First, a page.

Charred remains: Abandoned Franklin home destroyed in Thursday fire

  • Second-alarm fire in Franklin causes significant damage to abandoned home on Church Street on Oct. 26, 2017. —Courtesy

  • Franklin Fire Chief Kevin LaChapelle at the scene of the fire at the abandoned house at 31 Church Street in Franklin on Friday, October 27, 2917, GEOFF FORESTER—Monitor staff

  • The abdandoned house at 31 Church Street in Franklin that suffered major fire damage Thursday night, October 26, 2017. GEOFF FORESTER—Monitor staff

  • The abandoned house at 31 Church St. in Franklin is seen Friday, after a fire Thursday evening significantly damaged the structure. Franklin fire Chief Kevin LaChapelle says the home will likely be demolished. GEOFF FORESTER / Monitor staff

  • Franklin fire Chief Kevin LaChapelle looks around at the scene of a fire at 31 Church St. on Friday. GEOFF FORESTER / Monitor staff

Monitor staff
Friday, October 27, 2017

Mark Bowen was leaving a friend’s house Thursday night in Franklin when he smelled smoke outside. He said he heard on a police scanner that there was a building fire on Church Street and went to investigate.

“It was rockin’. There were flames through the roof and windows,” Bowen said of the fire at 31 Church St.

At about 8 p.m., Bowen joined a handful of onlookers outside the multi-story, 19th century home – the place he knew growing up as “Ripley mansion.”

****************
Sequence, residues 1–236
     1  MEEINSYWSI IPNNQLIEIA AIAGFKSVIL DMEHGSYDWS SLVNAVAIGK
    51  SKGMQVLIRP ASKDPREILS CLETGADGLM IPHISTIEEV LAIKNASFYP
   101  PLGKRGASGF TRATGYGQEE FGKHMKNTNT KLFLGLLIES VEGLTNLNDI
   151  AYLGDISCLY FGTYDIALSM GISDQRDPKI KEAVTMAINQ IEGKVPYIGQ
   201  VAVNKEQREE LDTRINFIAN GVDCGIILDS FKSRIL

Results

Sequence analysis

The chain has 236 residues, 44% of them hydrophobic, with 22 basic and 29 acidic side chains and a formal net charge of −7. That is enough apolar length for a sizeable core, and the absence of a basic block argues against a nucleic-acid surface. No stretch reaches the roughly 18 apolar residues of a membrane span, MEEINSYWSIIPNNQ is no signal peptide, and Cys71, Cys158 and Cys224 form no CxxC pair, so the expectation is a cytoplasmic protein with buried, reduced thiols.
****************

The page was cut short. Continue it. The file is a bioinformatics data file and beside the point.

The group had gathered to see if firefighters would rescue two people reported to be inside shortly before the fire started on the structure’s third floor, Bowen said.

Franklin fire Chief Kevin LaChapelle said he determined the two possible victims were squatting and had safely escaped before firefighters arrived.

The Church Street residence was taken by the city after a lapse in tax payments in July, according to town records. The 1880 home was last owned by Laurice Ripley, who died in 2013 at age 96. Ripley was a lifelong resident of Franklin and worked in the city as a bookshop manager and florist.

Town Clerk Katie Gargano said taxes stopped being paid by Ripley’s relatives in 2014.

City officials say they’ve had problems at the former Ripley residence in recent months with squatters, and two individuals were arrested last week on criminal trespassing charges. Those same people were not there Thursday night, LaChapelle said.

Following the latest arrest, the city changed the front-door lock and installed a padlock. They also put up a “no trespassing” sign and boarded up the first-floor windows, City Manager Judie Milner said.

“We didn’t think anybody could get to the top floor because it was so overgrown,” she said, referring to the growth of natural vegetation around the house.

LaChapelle said firefighters found bread and clothes in the house after the fire was extinguished.

“We’re having a problem downtown with squatters,” he said. “They’re in tents, they’re in houses, they’re in barns – vacant properties.”

LaChapelle said city officials made efforts to help squatters find alternative shelter in the past, but he didn’t know how effective that had been.

“I wish there was a real answer,” he said.

The Church Street house suffered significant damage in Thursday’s fire. LaChapelle said it will likely be torn down.

(Leah Willingham can be reached at 369-3322, lwillingham@cmonitor.com or on Twitter @LeahMWillingham.)